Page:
Marcie Trent

Larry Waldron

Bear kills runner, musician
Marcie Trent, Larry Waldron mauled on McHugh Creek trail
By S.J. Komarinitsky, ADN 7/2/95

A bear killed two hikers on the popular McHugh Creek trail Saturday, not far from a buried moose carcass.  A third hiker, a 14-year-old boy, narrowly escaped by diving into a nearby ravine and climbing a tree.

Marcie Trent, 77, long an institution in the Anchorage running community, and Larry Waldron, 45, a well known saxophonist and also a long distance runner, were pronounced dead after they were found just off the trail.  Trent was Waldron's mother-in-law.

Trent's grandson escaped unharmed after leaping off the trail into a brushy ravine.  The boy, Art Abel, was airlifted out of the woods about an hour after the attack.  He did not know exactly what had happened and did not know that his uncle and grandmother were dead.

He said the three were on a day hike on the trail to Rabbit Lake.  Abel was hiking just in front of his grandmother and some distance behind his uncle, who was training for a race.

They were about a third of the way to the lake, Abel said, when he heard some bushes rustling above them.  Then he saw something - he didn't: know - what running through the brush.  He heard his grandmother scream and he dived into a ravine.  He said he ran up the trail and found his uncle.  Waldron told him to climb a tree and wait, then went back for his mother-in-law.

A hiker who was not identified, heard Abel's calls for help from the tree, Alaska State Troopers said.  Abel told the hiker he thought a moose had just attacked his grandmother, troopers said.  The hiker started down the trail and heard moans from the brush.  He found Waldron bleeding and alive.  Waldron told the hiker that his mother-in-law was attacked first and that he was mauled when he went to her aid.  The hiker then started down the trail for help.

A group of six other hikers - who refused to give their names - ran into the hiker on their way up. Four of them went to help Waldron while the original hiker and two others ran down to the parking lot for help.  By that time, Waldron was in deep shock and couldn't speak it.

Troopers started arriving at the McHugh Creek parking lot about 3 30 p.m. after man used a cellular phone to report the attack.  A trooper helicopter and an Air National Guard HH60 helicopter were launched to search for the victims while park rangers, members of the Alaska Mountain Rescue and Alaska  Search and Rescue Dogs started up the trail.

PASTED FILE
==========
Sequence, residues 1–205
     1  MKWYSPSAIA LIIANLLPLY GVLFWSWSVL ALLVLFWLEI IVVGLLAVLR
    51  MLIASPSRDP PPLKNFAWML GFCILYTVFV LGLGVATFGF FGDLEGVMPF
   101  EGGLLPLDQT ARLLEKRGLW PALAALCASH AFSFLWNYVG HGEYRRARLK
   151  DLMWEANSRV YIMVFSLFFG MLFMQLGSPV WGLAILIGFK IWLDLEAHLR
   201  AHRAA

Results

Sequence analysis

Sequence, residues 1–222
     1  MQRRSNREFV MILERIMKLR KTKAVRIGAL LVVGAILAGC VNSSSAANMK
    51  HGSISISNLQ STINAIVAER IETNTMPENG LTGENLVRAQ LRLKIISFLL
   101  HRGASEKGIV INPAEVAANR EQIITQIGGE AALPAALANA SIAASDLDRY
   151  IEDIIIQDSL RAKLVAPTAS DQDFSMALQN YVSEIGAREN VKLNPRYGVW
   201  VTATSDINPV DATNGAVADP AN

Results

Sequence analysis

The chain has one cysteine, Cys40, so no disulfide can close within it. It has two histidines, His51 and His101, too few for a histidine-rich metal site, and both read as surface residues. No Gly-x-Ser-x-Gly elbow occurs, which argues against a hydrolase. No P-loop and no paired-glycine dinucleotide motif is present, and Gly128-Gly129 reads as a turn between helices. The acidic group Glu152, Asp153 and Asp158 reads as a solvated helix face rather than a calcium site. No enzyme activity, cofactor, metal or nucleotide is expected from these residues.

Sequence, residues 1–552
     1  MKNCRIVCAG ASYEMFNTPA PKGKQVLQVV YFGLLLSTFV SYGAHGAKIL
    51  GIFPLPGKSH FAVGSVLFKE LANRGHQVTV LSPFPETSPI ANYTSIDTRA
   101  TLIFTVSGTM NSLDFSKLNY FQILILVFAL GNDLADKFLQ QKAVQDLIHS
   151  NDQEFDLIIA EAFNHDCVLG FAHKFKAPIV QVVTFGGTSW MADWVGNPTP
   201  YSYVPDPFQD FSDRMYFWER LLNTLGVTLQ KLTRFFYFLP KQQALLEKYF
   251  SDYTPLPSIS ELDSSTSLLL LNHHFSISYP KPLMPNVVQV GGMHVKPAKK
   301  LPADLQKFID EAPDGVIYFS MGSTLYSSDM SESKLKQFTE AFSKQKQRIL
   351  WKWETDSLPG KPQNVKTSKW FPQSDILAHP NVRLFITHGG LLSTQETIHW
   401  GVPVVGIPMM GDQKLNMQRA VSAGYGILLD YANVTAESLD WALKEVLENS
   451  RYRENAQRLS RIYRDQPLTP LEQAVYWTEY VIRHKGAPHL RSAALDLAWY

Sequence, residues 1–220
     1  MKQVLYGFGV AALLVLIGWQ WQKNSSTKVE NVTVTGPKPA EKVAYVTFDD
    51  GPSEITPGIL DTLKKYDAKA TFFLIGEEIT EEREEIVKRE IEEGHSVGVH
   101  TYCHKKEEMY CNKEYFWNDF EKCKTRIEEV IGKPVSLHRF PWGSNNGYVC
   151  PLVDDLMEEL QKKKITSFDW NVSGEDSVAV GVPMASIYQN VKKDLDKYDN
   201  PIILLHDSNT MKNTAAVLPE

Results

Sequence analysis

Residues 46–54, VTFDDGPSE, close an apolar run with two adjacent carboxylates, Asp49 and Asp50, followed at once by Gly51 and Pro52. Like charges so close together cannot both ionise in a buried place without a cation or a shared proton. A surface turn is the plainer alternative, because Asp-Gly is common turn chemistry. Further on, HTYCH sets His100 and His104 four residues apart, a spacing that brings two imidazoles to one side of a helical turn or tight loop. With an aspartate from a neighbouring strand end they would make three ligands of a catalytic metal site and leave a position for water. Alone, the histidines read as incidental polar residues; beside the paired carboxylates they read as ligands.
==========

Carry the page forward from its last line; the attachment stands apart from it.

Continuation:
For a while, it was unclear whether one or two people had been hurt and whether it was a bear or a moose attack.  Trooper Sgt. Brad Brown, who visited the scene Saturday evening, said all signs indicated it was bear attack.  He said both bodies were within about 30 feet of a buried moose carcass, and both had been dragged from the trail.  They had suffered head and chest injuries, he said.

While the attack was unusual in its ferocity, it was not unusual bear behavior.

Chugach State Park superintendent Al Meiners said a similar attack in which a bear mauled a man who got near a moose carcass occurred last month near the Eagle River Visitor Center.  In that attack the man escaped with minor injuries after the bear ran off.

Bears will defend their territory, especially if they have cubs or food, said Meiners, who was at the scene Saturday.  Bears are common in much of Chugach State Park, including the McHugh Creek area.  Sterling Miller, a state Fish and Game research biologist, said he had never heard of a bear killing two people in the same attack.  It was unclear whether the animal was a black or brown bear.

Marcie Trent's husband, John, said he was in shock.

"We've been married almost 29 years, and this is my second wife to go in death," Trent said late Saturday, his voice slow and rough.  "I'm just all shook up."

Trent described his wife as an avid runner who had "run over 70,000 miles and finished 70 marathons.

Indeed, despite her advanced age, she could be counted on to enter - and complete - any number of local endurance contests among them the Glacier Half-Marathon, the Mayor's Marathon, and the Octoberfest Run for Beans. She had held national age-group running records.

Waldron was an avid runner as well, competing in many of the same races as Trent.  He was also a mainstay of the local jazz scene, a fluid saxophonist who played in clubs and concert halls around town and also taught children.

Troopers planned to remove the bodies late Saturday.  Meiners said the trail would be closed and a notice would be posted at the Glen Alps trailhead to keep people from entering the area: through a back route.  The Turnagain Trail, which parallels the Seward Highway, will remain open.